Reexamining the Condition of Health Care for the Elderly

Last month, after suffering what appeared to be a stroke, 84-year-old John Ainley was taken to a hospital from the board-and-care facility where he resided. He was discharged from the hospital about 24 hours later.

And that's where we pick up our story, one chock-full of disputes between Ainley's regular caretakers and the hospital.

Both Ainley's stepdaughter and the director of the facility where he resides believe he was released too soon and without proper guidance for his follow-up care. They openly wonder whether Ainley's Medicare status played a part in the hospital's decision.

The hospital disputes that, saying Ainley was properly discharged and that his condition and treatment were explained to his caretakers.

I'm not proposing to arbitrate the matter but to suggest that it highlights the increasing public anxiety about the future of health care--and, especially, for the elderly who don't have private health plans.

Ainley and his wife have resided at the C & R Home of Orange for about six months, according to Ainley's stepdaughter, Jean Portigal of Orange. The facility provides food and shelter, reminds residents to take their medications and provides periodic nursing care.

Last month, Portigal was called to C & R when her stepfather showed signs of a stroke. She said he couldn't use his right arm, couldn't stand without help, couldn't speak and couldn't control his saliva. Paramedics arrived, and he was taken to St. Joseph Hospital in Orange.

Portigal said doctors originally diagnosed a mild stroke. By the next day, they had downgraded the diagnosis to a TIA (transient ischemic attack), Portigal says. TIA is described in the "Merck Manual" (a physicians handbook) as a condition "of sudden onset and brief duration (usually minutes, never more than a few hours). . . . The attacks are often recurrent and at times presage a stroke."

That afternoon, Portigal visited Ainley and felt he wasn't able to return to C & R. Portigal said she went home and, a short time later, received a call from the hospital saying her stepfather was being discharged.

Portigal said she was "stunned" to hear that, so convinced was she that Ainley wasn't ready. She says the nurse told her that Ainley could walk, take water and, in addition, that C & R officials had been notified of his condition and said they could take care of him.

Portigal said she went to C& R to wait for Ainley, who arrived wearing a hospital gown, a restraint jacket and still attached to a catheter. Portigal says no written or verbal instructions arrived with her stepfather, only a listing of what medications he had taken that morning.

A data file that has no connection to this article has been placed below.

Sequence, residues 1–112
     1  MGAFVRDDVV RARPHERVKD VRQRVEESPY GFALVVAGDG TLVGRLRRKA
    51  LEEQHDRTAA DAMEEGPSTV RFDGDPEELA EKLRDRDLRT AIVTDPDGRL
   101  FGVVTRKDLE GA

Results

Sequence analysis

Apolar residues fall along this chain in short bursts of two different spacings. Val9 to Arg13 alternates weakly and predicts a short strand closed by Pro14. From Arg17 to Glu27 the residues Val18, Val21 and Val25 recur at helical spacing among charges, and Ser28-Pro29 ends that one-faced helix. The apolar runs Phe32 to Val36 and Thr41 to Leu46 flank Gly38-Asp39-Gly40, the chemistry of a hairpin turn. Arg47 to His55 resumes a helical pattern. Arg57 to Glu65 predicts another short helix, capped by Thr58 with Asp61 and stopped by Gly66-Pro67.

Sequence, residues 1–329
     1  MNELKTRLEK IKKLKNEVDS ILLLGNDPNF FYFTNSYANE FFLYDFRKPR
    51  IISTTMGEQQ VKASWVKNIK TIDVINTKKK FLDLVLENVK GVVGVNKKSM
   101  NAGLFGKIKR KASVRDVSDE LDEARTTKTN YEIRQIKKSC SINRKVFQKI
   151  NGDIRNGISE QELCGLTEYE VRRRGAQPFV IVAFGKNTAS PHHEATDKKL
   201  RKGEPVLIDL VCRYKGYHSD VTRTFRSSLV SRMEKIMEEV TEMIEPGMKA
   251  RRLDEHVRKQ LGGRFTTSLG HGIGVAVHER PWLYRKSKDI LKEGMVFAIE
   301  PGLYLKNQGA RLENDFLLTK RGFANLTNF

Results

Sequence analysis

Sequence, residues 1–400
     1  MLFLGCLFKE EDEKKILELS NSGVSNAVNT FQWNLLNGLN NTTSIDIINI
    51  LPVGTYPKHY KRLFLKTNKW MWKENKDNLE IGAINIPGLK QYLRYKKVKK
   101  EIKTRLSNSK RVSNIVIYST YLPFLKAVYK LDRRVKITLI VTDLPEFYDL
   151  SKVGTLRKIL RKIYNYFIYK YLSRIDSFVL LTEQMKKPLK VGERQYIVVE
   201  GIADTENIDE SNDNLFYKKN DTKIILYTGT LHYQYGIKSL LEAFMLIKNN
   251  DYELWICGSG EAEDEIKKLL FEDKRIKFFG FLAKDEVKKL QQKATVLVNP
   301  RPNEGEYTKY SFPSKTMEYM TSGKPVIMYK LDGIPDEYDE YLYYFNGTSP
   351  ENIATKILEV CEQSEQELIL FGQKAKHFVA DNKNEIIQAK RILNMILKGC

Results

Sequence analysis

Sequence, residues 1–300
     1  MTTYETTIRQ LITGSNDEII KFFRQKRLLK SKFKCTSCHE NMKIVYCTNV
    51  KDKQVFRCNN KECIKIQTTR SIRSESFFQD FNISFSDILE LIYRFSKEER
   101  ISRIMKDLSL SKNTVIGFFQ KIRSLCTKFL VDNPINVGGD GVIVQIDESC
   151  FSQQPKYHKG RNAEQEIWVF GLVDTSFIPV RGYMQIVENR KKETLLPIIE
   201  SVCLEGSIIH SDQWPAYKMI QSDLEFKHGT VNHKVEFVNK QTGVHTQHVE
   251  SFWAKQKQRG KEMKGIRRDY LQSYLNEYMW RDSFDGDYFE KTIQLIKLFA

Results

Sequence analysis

Rudy Pe, the owner and administrator of C & R, told me this week that he never told the hospital that he could handle Ainley if he was exhibiting stroke symptoms. "The problem is, they sent him back home with a catheter still in him. We're not prepared to handle that. Besides, he was not strong enough to stay at my place. If he falls down, it's my responsibility."

Pe described Ainley upon his arrival this way: "He could hardly talk, his hands were shaking when he was eating, food was spilling all over, but they told me on the phone he could eat and walk by himself. But when he got here, he walked a few steps but we had to guide him."

Pe didn't think Ainley should have been discharged. "It's not my decision. If he's there [at the board and care], we can't send him back to the hospital, so we tried everything we could do. In my opinion, he should have stayed one more or a couple days in the hospital before being discharged, either to rehab or my place."

To care for Ainley, Pe said, he asked Ainley's nurse and a home health aide to come to C & R every day for two weeks, instead of their less frequent visits. Over the next several days, Pe said, Ainley gradually regained some strength and control.

I asked Portigal if she might be too close to the situation to assess her stepfather's condition. In other words, I suggested, the doctors might have known best.

She insists she has factored that into her thinking. "It's very personal with me," she says, "and I told them immediately he was not ready to be released. I'm not a doctor, but I could see what condition he was in. He was not clear, he was disoriented. I didn't realize how bad he was until he got to the board and care and I saw how feeble he was. . . . "

Citing patient confidentiality, the hospital wouldn't discuss Ainley's case in detail. St. Joseph spokeswoman Valerie Orleans said, however, that patients aren't discharged unless they or their relatives are informed of their condition and medical options. She said that was done in Ainley's case. She also said it isn't uncommon for a patient to be discharged with a catheter.

Portigal disputes she was ever notified of Ainley's imminent release. She has complained both to the hospital and to state hospital officials about Ainley's discharge. Orleans said her understanding is that the state has absolved St. Joseph of any improper procedures, but a health department official told me this week that the investigation is still open.

Portigal says she is "not a vindictive person, not a crusader," but she is concerned about hospital economics and how it may affect care. "My feeling is that this is happening way too much," she says. "I think it's the small tip of a very, very large iceberg."

Dana Parsons' columns appears Wednesday, Friday and Sunday. Readers may reach Parsons by writing to him at The Times Orange County Edition, 1375 Sunflower Ave., Costa Mesa, CA 92626, or calling (714) 966-7821.

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